I’ve had an IVC filter for a long time, should I be concerned?

Baird IVC Filter

Inferior vena cava filters, or IVC filters, whether they are permanent or retrievable types, are designed to be left in the body for a long time. They are made from stainless steel or a metal alloy and are designed to withstand years of placement within a human body.

“Occasionally, though, those filters can have problems,” said Dr. Brian Strife, at VCU Health’s Baird Vascular Institute. “The three main problems we see are the filter itself developing blood clots and blocking the main vein, the IVC, which can result in swelling and extreme pain in the lower extremities. Also, the metal itself in the filter can stress or fatigue, causing the filter to break, and pieces of the filter can migrate into the patient and damage adjacent organs, and very rarely, pieces of the filter can break and go into the heart and lungs.”

These types of issues are extremely uncommon, assures Dr. Strife. “We do know these issues are sometimes a cause of patient concern and anxiety, and we often receive calls from patients asking whether or not their filter needs to be removed to avoid these complications.”

“In 2010, the FDA recommended that physicians who placed these filters and physicians who treated patients with the filters make an attempt to consider filter retrieval when that filter is no longer needed,” Dr. Strife continued. “Sometimes that’s a tough call,” he said, “because we don’t necessarily know which patients are best suited to have an IVC filter in for the rest of their life.”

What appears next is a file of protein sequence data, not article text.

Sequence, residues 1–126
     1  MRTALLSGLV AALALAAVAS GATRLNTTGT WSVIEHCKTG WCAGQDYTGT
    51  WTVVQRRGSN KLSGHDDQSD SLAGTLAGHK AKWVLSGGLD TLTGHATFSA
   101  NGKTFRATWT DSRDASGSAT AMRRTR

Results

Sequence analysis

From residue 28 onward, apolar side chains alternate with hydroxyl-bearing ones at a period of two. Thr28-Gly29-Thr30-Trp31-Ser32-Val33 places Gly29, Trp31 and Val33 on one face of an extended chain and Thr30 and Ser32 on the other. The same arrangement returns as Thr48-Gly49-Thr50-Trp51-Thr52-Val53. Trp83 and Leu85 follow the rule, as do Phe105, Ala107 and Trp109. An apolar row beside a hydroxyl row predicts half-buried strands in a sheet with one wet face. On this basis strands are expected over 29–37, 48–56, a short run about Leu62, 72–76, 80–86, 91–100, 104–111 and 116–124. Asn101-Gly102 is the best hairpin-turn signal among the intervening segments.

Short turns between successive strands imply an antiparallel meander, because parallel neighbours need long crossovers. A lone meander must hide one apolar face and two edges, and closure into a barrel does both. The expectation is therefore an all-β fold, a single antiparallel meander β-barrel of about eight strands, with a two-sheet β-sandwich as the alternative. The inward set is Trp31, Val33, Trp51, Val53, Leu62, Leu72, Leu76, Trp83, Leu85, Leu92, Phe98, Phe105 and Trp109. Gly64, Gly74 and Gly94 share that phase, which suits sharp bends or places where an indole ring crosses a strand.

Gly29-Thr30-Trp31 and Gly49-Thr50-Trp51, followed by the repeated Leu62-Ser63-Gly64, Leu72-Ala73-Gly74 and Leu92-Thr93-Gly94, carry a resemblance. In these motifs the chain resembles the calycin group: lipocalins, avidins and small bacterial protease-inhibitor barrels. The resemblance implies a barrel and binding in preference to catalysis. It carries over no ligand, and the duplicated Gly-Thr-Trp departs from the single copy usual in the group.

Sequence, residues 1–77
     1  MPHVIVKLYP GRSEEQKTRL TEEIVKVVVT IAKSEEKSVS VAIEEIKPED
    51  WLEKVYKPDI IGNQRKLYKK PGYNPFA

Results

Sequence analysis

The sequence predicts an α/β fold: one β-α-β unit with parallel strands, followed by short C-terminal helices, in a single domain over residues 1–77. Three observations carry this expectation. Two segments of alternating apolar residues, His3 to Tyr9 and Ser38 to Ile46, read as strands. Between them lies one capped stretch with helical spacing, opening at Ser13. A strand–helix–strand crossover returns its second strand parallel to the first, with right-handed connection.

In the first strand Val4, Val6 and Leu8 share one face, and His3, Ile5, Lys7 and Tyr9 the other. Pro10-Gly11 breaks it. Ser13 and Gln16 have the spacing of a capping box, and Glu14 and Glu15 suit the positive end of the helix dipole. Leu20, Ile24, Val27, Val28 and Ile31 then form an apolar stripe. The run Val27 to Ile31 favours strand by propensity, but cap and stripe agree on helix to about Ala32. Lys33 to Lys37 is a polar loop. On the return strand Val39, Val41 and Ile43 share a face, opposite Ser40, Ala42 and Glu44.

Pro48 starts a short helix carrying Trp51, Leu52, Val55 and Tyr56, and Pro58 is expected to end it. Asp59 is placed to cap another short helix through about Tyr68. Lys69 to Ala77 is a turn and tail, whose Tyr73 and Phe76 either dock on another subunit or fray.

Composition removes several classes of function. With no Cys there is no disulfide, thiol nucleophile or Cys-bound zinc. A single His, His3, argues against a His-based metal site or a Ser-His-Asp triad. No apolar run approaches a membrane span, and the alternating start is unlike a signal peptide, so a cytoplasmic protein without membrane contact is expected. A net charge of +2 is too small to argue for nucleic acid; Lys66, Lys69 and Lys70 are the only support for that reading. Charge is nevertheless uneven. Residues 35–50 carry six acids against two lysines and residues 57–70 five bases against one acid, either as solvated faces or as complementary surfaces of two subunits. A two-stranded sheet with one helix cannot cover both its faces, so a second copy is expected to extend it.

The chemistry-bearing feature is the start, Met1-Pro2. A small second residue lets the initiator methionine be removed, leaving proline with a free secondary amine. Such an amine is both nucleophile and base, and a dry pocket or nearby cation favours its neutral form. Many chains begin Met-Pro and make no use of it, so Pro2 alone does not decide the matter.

When a patient calls our office with an IVC filter they would like to have removed, we first have that patient come in for a consultation to discuss why they had the filter in the first place, then we will make a decision on whether retrieval is appropriate for them or not. “Sometimes that’s an easy decision to make,” said Dr. Strife, “and sometimes we need to run further tests and consult with other physicians before making that decision.”

If you would like to discuss concerns or problems you may be experiencing or if your doctor has recommended that you see us for a vascular test, please contact us at (804) 828-2600 or email us.

 

What is an IVC Filter and how is it placed?

Inferior vena cava (IVC) filters are devices placed in patients who have a history or risk of developing DVT’s or blood clots in the legs or pelvis that may develop into pulmonary emboli, or a blood clot in the lungs. Your physician may recommend an IVC filter for the following conditions:

  • Deep vein thrombosis (DVT)
  • Pulmonary embolus
  • Trauma victims
  • Immobility
  • Recent surgery or childbirth

Using image guidance, an IVC filter is inserted via a blood vessel. Typically, the vein in the groin, or the jugular vein in the neck is used. The IVC filter is then placed through the catheter and into the vein. Once it is in the correct position, the interventional radiologist will release the filter, allowing it to fully expand and attach itself to the walls of the blood vessel.

At the end of the procedure, the catheter will be removed and pressure will be applied to stop any bleeding. The opening in the skin is then covered with a dressing. No sutures are needed. Your intravenous line will then be removed to complete the procedure.

The procedure is usually completed within one hour.

 

Source: www.radiologyinfo.org